One of the fun aspects of having a solid tablecloth is the potential to change up the look with various centerpieces and even cloth napkins. Textiles are fantastic for adding a lot of color and life to home decor while still being budget-friendly!

Tuesday, April 23, 2013

DIY Weekly Menu Board

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      Welcome to the first post of the "DIY Dining Room Decor" series! Over the course of this week I'll be sharing five easy and budget-friendly projects to add to the organization, function and style of the dining room. Today we're going to focus on one of my favorite aspects of decorating- organization!

      If you have been reading Reviving Homemaking even for a short period of time, then you will know that in our home we first prepare for weekly meals by menu planning. When we married and I began to figure out how to manage a home, I quickly decided that menu planning was a priority to learn. I could not tolerate coming home from a long day at college and/or work to be faced with the question of, "What should I make for dinner?" I would become so aggravated at needing to prepare a meal I didn't have the energy to do, didn't have all the ingredients I needed when I needed them (which prompted additional costly trips to the store), or gave up by going out to eat (which again, is very costly). The solution was menu planning. 

       For us, menu planning is all about knowing what we need to prepare meals and by when we needed it. I account for everything in our menu plans, including healthy and fresh snacks. I perhaps over plan, but I'd rather have good options available than to turn to junk foods or fast foods. There will be another post in the future on exactly how we've come to create our weekly menus, but for now I'm going to focus more on keeping those menus organized.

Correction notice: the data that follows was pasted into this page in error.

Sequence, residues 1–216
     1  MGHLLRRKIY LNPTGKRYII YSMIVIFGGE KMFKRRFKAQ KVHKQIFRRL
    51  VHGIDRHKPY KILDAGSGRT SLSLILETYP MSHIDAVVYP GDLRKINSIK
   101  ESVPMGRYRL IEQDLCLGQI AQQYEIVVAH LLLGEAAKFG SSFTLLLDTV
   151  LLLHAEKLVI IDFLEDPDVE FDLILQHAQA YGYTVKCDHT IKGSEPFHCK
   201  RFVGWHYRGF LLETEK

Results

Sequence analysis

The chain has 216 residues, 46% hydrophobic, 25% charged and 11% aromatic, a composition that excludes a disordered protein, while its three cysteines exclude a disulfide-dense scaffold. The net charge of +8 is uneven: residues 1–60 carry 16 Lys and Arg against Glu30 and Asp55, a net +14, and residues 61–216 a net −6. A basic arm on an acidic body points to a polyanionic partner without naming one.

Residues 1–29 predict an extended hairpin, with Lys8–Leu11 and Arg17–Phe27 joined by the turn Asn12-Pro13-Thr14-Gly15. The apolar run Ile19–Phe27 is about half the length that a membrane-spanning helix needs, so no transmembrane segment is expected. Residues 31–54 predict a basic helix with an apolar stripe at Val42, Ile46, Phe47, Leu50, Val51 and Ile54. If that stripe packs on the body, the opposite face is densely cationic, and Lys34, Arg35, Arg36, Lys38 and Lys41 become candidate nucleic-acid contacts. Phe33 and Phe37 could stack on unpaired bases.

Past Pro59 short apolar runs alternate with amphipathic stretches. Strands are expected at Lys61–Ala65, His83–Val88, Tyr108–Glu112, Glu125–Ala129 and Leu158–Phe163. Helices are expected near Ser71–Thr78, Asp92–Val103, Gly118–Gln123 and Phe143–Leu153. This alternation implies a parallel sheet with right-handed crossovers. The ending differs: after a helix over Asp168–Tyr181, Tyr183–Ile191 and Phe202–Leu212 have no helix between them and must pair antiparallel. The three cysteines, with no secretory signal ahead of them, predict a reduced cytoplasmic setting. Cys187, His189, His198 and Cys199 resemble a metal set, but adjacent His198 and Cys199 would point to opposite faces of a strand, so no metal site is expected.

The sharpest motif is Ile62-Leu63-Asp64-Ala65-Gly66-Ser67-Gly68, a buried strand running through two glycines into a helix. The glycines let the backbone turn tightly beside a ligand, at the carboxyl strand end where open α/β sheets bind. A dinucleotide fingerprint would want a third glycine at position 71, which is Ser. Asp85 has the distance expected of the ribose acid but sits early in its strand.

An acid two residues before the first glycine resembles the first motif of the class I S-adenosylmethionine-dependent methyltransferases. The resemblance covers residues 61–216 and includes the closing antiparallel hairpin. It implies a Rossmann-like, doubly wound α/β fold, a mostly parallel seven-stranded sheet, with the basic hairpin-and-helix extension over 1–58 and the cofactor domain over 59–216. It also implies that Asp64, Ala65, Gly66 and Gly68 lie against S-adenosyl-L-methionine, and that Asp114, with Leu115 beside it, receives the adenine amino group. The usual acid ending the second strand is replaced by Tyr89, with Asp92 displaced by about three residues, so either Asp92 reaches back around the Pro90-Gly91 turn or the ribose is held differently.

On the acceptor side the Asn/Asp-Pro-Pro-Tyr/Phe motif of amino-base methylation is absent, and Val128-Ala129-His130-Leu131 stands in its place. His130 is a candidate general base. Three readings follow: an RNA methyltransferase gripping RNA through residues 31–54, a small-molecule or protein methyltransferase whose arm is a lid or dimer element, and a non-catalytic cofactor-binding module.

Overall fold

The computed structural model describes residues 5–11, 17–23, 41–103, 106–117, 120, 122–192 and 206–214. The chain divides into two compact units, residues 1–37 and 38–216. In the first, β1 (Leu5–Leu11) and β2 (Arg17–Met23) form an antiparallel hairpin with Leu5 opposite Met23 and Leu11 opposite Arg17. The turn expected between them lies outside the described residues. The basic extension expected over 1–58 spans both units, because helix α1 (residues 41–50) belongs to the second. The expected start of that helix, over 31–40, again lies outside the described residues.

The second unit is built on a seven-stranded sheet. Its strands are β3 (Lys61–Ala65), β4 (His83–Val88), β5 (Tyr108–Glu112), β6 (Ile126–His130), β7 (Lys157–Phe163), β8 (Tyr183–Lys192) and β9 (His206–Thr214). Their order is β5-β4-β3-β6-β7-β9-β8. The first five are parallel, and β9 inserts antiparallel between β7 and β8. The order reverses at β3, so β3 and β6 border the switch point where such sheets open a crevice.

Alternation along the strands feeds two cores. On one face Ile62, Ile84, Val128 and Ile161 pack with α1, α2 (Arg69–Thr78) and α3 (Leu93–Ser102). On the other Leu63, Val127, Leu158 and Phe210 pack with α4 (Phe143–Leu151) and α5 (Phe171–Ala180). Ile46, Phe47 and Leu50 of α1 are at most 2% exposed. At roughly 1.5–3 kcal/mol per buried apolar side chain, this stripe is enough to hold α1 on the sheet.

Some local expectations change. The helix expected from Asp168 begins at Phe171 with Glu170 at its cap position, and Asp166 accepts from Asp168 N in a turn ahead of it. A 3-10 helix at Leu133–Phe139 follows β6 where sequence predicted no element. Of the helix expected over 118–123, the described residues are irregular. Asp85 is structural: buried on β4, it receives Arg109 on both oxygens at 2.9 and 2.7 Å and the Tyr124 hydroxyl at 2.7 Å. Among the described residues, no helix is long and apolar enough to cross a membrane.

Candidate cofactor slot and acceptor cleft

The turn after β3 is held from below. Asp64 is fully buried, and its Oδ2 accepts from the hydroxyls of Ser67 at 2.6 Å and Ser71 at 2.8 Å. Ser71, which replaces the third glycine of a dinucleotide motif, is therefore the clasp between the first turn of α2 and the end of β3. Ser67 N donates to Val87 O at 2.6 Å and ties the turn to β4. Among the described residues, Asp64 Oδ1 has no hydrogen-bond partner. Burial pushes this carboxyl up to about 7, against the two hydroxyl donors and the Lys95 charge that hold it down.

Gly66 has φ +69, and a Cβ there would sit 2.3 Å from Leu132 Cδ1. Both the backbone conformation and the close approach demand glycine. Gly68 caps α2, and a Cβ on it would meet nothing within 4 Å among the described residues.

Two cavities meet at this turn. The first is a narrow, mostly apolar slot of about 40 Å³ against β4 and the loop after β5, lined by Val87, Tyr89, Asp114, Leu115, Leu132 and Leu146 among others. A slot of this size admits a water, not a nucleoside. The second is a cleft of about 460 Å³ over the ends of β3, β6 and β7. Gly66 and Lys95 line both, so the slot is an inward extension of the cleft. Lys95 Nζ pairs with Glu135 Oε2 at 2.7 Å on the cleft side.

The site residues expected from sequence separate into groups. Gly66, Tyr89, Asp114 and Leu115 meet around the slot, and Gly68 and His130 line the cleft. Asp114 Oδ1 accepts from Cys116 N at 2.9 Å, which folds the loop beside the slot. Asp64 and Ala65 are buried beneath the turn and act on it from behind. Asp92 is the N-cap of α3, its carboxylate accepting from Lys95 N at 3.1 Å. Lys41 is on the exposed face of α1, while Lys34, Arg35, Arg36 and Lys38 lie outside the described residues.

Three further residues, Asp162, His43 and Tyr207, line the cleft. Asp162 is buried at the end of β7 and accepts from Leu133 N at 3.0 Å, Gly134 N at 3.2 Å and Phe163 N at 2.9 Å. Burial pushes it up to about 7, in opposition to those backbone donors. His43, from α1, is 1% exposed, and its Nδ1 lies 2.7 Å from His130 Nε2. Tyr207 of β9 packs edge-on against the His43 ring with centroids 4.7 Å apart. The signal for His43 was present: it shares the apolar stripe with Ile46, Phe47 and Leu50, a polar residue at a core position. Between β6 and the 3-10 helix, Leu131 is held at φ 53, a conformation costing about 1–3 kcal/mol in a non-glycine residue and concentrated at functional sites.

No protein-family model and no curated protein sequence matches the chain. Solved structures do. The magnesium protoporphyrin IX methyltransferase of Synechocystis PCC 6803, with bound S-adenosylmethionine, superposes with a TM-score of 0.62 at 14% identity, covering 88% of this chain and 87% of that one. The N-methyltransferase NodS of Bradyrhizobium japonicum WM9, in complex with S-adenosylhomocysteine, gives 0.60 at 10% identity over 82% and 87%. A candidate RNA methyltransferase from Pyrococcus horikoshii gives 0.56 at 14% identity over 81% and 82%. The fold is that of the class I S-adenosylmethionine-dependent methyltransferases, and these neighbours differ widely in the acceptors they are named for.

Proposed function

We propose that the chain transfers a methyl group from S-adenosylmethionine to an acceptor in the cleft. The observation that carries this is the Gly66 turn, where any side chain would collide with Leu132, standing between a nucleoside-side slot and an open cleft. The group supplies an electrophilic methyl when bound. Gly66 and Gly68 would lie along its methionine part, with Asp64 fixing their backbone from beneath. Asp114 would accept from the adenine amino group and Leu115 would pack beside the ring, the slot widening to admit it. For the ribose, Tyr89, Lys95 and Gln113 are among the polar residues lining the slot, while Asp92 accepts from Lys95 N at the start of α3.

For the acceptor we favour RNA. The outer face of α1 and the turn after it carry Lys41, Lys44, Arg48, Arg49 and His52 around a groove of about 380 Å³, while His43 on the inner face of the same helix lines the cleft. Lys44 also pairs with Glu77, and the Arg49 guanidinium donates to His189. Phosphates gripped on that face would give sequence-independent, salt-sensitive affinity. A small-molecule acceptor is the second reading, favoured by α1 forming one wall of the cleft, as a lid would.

What's better than an area that is happily organized? Happy organization on display! In a previous post, I demonstrated how we were able to turn bookshelves into a pantry. Although functional as storage, the unit itself and organization of it also serves as a decorative element in our kitchen. Our menu board serves likewise purposes of function and decor. Once we have determined our menu for the week, I then find the matching card or write a new one if the recipe is new. Some weeks we flip back through the cards for ideas on what to plan. Easy!

         Creating the menu board is also very easy. It requires just a few simple supplies and steps.  

Supplies needed include: cork board (I re-purposed my jewelry board), ribbon, wooden letters, paint (for wooden letters & cork board), index cards, binder clips, push pins, letter stickers. 

1. Paint cork board desired color. If you wish, you could attack fabric to the board instead of painting it. Paint the wooden letters as well. 

2. Cut ribbon the width of the board. Cut a second piece of ribbon a few inches less than the length of the board. 

3. Attach ribbon to board (in a "T" position as pictured) using hot glue. Glue the shorter, horizontal ribbon completely. The long, vertical ribbon needs to be glued only at the top and bottom so that the clips will attach in the middle. Glue the letters to the board as well.

4. Determine 4-5 spots on the right side of the long ribbon for storing used cards. Be sure to space them apart enough so that they don't overlap. Above those marks, use the letter stickers to spell out the meal occasion (breakfasts, lunches, dinners, snacks). I have an extra spot at the bottom of mine that is unlabeled and is used for blank cards.

5. Cut the index cards in half. Use the binder clips to attach cards to at least seven places on the long ribbon (for each day of the week). Use other clips to keep used cards stored to the right. 
6. To use, just clip one card of each meal occasion to the appropriate place on the long ribbon. When done, then move them to the right and clip cards for the new week's meals to the long ribbon.   

       And that's it! Having a menu planning is a must for me. I can rearrange it as needed throughout the week, but some base from which to work is nice. Even nicer is the menu plan nicely organized and displayed on our dining room wall.